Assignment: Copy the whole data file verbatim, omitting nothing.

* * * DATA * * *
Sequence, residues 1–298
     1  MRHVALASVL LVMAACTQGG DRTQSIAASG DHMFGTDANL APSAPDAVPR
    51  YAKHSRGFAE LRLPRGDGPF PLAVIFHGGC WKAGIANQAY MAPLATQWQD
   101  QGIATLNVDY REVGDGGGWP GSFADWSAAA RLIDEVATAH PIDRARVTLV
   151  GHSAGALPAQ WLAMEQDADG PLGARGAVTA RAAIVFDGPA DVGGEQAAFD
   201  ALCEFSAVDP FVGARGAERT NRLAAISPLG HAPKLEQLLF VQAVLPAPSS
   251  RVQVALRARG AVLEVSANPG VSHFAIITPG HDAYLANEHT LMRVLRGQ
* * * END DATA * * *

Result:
Sequence, residues 1–298
     1  MRHVALASVL LVMAACTQGG DRTQSIAASG DHMFGTDANL APSAPDAVPR
    51  YAKHSRGFAE LRLPRGDGPF PLAVIFHGGC WKAGIANQAY MAPLATQWQD
   101  QGIATLNVDY REVGDGGGWP GSFADWSAAA RLIDEVATAH PIDRARVTLV
   151  GHSAGALPAQ WLAMEQDADG PLGARGAVTA RAAIVFDGPA DVGGEQAAFD
   201  ALCEFSAVDP FVGARGAERT NRLAAISPLG HAPKLEQLLF VQAVLPAPSS
   251  RVQVALRARG AVLEVSANPG VSHFAIITPG HDAYLANEHT LMRVLRGQ